S ometimes it's tough to cut out the middleman. In a world where personal travel agents are a "Mad Men"-style relic and consumers are savvier about Googling deals online, one might think travel intermediarySabre Corp. ( SABR ) is at risk of going the way of indoor smoking and three-martini lunches.
But the company's vast network and information technology strength have put it in a plum position to benefit from both traditional travel agents and online agencies alike.
Sabre operates what is called a global distribution system, or GDS -- essentially a huge reservation network that keeps an inventory of available flights, hotels, schedules and rates, and aggregates them in a way that is clear and accessible. Most major airlines and several online travel sites use Sabre's system.
"It's the major value of the GDS," Cowen & Co. analyst Gregg Moskowitz told Investor's Business Daily. "Otherwise you'd have direct bookings, which clearly the airlines would love because the margins would be higher, but you wouldn't be able to reach as many customers."
Corporate fliers often rely on traditional travel agencies, which are tuned into the GDS and are said to account for about 30% of U.S. travel bookings. But even individuals who click around for flights on the Web are likely to wind up using some kind of aggregation service, since online travel agencies, or OTAs -- such asExpedia ( EXPE ) andPriceline ( PCLN ) -- also use a global distribution system.
In Expedia's case, there are two -- it uses both Sabre and major competitor Amadeus, according to Morningstar analyst Dan Wasiolek, who said that all OTAs use one or two GDSs.
"They're not (planning on) reinventing the wheel," he said. "Major OTAs are still using GDS to source airline (content)."
The travel network industry is populated by only a few major players. Amadeus and Sabre jockey for the lion's share, withTravelport ( TVPT ) trailing in the No. 3 spot, say analysts. With 37.1% of air bookings as of Q3 2015, according to Sabre's estimates, the company leads the U.S. GDS market. Rival Amadeus, which has more exposure abroad, is No. 1 in Europe.
Under Sabre's model, airlines and hotels pay the company a distribution fee, and Sabre pays travel agents an incentive to use its system. About 70% of its revenue comes from the global distribution system, while the rest comes from its growing IT solutions segment. Morningstar estimates the company has a "high-teens share of the airline IT market."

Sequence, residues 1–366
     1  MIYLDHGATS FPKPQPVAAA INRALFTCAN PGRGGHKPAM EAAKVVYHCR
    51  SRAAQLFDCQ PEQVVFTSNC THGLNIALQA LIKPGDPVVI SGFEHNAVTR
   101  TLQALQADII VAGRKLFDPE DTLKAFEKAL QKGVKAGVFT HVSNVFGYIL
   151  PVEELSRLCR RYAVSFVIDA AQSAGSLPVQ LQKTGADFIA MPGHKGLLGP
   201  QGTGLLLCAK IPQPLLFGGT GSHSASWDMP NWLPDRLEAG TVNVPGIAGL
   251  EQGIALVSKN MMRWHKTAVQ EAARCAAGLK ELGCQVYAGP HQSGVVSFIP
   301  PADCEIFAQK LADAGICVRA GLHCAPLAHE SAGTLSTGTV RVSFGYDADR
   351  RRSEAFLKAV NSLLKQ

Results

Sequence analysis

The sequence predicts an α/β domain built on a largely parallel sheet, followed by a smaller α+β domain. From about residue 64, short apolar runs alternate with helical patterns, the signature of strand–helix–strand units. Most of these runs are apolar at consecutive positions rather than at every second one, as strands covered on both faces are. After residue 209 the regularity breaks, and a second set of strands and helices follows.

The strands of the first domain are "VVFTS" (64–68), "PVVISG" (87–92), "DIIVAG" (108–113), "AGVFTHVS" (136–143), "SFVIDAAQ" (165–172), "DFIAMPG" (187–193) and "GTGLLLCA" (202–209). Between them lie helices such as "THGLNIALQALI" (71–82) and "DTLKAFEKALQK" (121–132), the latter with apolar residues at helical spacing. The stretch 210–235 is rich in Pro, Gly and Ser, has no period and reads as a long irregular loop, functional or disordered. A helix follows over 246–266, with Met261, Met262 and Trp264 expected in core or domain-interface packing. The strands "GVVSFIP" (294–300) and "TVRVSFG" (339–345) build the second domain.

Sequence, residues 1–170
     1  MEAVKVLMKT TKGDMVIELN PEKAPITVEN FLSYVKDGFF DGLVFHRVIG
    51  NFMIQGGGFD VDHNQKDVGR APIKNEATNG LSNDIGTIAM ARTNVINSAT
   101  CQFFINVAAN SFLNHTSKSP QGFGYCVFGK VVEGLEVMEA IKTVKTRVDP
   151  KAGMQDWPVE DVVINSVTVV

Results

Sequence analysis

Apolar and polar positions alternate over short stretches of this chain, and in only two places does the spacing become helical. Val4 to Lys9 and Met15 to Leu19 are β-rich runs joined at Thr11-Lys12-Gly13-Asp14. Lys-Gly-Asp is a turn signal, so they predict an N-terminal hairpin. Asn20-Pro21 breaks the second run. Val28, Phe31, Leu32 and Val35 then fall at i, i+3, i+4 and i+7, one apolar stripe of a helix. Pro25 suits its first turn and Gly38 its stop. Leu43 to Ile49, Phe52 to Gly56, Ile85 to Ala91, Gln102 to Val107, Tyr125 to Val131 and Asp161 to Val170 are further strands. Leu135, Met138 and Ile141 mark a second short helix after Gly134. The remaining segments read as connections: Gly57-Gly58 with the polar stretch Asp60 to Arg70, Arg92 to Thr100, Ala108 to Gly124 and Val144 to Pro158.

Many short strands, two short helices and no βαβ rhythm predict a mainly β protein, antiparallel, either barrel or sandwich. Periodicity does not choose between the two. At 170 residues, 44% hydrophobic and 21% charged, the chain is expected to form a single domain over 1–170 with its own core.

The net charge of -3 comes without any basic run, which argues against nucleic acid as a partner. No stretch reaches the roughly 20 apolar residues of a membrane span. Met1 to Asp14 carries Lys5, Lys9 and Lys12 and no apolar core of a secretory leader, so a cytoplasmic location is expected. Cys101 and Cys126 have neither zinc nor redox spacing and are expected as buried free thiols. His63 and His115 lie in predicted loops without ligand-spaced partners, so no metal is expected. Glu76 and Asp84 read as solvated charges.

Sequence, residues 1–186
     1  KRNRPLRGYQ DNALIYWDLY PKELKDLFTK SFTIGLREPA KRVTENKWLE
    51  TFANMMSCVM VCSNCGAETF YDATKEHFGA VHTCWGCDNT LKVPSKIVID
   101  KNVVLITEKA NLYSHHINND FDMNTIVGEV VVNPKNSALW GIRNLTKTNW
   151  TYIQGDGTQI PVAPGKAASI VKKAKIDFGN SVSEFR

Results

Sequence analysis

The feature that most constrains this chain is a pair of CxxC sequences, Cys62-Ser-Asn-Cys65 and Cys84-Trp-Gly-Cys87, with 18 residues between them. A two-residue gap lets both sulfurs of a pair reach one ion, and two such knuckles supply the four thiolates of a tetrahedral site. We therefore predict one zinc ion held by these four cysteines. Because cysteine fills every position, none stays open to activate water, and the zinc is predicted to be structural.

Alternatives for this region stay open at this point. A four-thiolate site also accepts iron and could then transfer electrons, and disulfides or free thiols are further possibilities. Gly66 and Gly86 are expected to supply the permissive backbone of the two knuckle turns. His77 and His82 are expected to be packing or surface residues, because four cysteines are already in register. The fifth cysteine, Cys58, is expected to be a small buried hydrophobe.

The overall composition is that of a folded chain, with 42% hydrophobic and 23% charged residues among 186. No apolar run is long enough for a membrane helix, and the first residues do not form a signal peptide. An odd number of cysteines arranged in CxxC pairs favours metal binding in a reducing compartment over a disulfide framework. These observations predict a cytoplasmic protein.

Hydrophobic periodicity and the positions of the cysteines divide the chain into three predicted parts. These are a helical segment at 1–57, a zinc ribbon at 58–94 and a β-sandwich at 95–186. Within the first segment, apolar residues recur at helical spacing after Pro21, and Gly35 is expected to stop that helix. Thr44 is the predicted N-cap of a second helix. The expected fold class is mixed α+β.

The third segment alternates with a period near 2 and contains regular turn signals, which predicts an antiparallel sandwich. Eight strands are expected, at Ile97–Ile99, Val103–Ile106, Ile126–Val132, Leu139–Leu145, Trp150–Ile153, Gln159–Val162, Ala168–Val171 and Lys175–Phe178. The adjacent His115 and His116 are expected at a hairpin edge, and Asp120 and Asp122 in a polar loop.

In its most recently reported quarter, Sabre said adjusted earnings grew 26% to 29 cents a share, in line with Wall Street views. Sales rose almost 17% to $785 million, topping views for $783.6 million.
Airline and hospitality solutions revenue rose 4.9% to $219 million during the quarter. Travel network revenue climbed 22.1% to $569.2 million as bookings grew 29.5% on strength in the Asia-Pacific region.
Sabre has been fortifying its position in the Asia-Pacific, an area that provides much room for growth, say analysts. In July, it completed the acquisition of the remaining 65% of Abacus International that it did not own for net cash consideration of $411 million. Abacus is Asia-Pacific's leading GDS.
The company also has been shedding properties as it narrows its focus. Earlier in the year, Expedia acquired online travel agency Travelocity from Sabre for $280 million in cash. Expedia also acquired OTA Orbitz Worldwide this year, effectively solidifying its hold over the domestic OTA market.
While Sabre's GDS offers both airline and hotel listings, its lodging content is "not as strong" as its airline content, says Morningstar's Wasiolek, with "a few tens of thousands of hotels" vs. Priceline's hundreds of thousands of accommodation listings.